User Experience 

As we iterate and change our development process the user experience diverges and converges. Part of my role in this team is to consistently update the documentation and user flow charts with any changes that are made to the overall experience and why. My secondary role is to be constantly monitoring these changes and adjusting our timeline and project management as needed.


Atelier IV Blogpost 4: VR Contextual Review


Breath Tech – Game

I really enjoyed the different ways that breath was used in this game, the designers really took the time to analyze the many ways in which breath is used in the real world. Such as in windpipes, to blow out candles, to melt ice etc,. The intuitiveness and creativity of these interactions made the gameplay very interesting and not too difficult to figure out. As a player I found the process of figuring out the challenges rewarding and the art was intriguing. I also appreciate the breath calibration and visualization I though it was very successful in delivering some kind of feedback so that the user understands that there breath is  having an actual impact on the environment.

From this experience I have learned that I have to expand my understanding of the different way in which breath is used. Moving forward I would like to ideate and brainstorm the possibilities of breath in my own VR experience and think more deeply into the ways breath can be visualized and used to change an object or environment.

Breath Peace – Meditation Experience 

This experience was really cute and aesthetically beautiful, however I did feel a bit impatient with the slowness of activity. The art is so well done and honestly the little panda character made me smile, it was very fitting to the theme. I really appreciated the way the scene would kind of glow and change hue with the breath prompts. This is defiantly something I would like to recreate in my own VR experience.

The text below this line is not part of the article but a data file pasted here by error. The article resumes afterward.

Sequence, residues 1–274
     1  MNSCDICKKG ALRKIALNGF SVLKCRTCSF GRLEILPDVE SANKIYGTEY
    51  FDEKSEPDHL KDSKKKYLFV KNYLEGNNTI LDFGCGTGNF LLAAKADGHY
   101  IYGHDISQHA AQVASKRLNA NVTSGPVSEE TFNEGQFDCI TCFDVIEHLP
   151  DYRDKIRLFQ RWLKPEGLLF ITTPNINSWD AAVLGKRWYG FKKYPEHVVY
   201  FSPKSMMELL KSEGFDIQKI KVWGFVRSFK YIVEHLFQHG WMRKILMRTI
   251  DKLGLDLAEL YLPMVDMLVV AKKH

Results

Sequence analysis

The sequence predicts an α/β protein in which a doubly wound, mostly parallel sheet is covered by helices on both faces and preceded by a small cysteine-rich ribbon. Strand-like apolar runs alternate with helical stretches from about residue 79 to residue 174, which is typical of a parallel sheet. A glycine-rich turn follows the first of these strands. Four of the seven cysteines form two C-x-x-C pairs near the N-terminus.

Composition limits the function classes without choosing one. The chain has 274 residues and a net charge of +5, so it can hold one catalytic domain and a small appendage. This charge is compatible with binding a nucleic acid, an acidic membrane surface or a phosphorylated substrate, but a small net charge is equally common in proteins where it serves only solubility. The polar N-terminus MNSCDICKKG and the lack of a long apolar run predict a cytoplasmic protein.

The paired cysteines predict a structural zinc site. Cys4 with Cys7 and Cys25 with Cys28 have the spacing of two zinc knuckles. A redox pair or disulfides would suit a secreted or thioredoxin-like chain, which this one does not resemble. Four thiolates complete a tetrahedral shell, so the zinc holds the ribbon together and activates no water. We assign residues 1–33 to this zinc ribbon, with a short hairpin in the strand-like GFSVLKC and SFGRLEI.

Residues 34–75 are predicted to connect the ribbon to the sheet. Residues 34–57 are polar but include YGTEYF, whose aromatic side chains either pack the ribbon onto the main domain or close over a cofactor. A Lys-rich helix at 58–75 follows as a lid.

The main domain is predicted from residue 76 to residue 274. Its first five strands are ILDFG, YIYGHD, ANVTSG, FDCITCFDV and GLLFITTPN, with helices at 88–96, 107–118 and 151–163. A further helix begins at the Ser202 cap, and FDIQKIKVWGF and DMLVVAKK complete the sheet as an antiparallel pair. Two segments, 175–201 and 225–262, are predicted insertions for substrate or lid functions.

Although, there were points where I didn’t really feel peaceful as I was anticipating more action to happen on the screen. In the beginning of the scene there was text to guide meditation, however I feel that audio might have been a bit more powerful as the text was visually distracting. After a while the experience felt kind of repetitive. I understand it is a mindfulness experience and its meant to be that way, however I wonder if there is a way to accommodate the user flow so that even the impatient user without much time to be able to gain something from this experience.

From this experience I feel like I quickly learned that text in VR does not contribute to the ‘mindful’ or ‘calming’ experience. So  I will defiantly try to limit the amount of text in my own experience. Instead I would like to focus on improving the visual representation of the meditative experience.I also learned that emotional design for a mindfulness piece is so important. The panda character genuinely gave me joy, this kind of storytelling is so simple yet powerful and can instantly be a mood changer. It reminded me of the way  a compliment, a happy dog, or a kind gesture can make someone feel and I wonder how I can recreate these emotions in my own VR experience with simple actions and animations.

Noodles – Game

I did not like this experience at all, in fact it actually made me kind of annoyed while I was playing. The UI is way too cluttered with text and it is not easy to read as it is all done in a cursive style font. I feel like menus and instructions should always be in print for easy legibility, decorative fonts are for titles and headings only. When the game began the text was still all around the game environment which made the scene visually crowded. Despite all the text in the scene I still had no idea how to play this game, I was told to pick up a stool and when I did nothing happened. Personally, I felt very sick very quickly when moving around from room to room. After 30 seconds of trying to navigate I felt dizzy and had to exit the game.

From this experience I have learned that using the controls to move around is a tricky feature and will probably take a long time to develop to make sure the user doesn’t feel sick. If I do decide to let users navigate the VR space in my experience I will defiantly be incorporating the teleporting feature rather than using the joystick on the controller.

Atelier IV Blogpost 3: 360 Video Color Grading